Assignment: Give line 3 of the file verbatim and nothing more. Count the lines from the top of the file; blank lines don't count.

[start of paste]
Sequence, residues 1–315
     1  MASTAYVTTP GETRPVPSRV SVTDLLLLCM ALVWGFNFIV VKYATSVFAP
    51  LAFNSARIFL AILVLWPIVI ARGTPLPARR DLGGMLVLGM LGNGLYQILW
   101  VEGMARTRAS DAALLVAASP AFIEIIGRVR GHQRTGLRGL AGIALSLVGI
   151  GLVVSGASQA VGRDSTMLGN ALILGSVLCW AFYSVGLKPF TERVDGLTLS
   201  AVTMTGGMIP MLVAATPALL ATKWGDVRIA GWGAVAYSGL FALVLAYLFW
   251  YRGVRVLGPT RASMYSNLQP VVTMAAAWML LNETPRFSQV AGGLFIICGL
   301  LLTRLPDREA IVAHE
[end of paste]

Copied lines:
    51  LAFNSARIFL AILVLWPIVI ARGTPLPARR DLGGMLVLGM LGNGLYQILW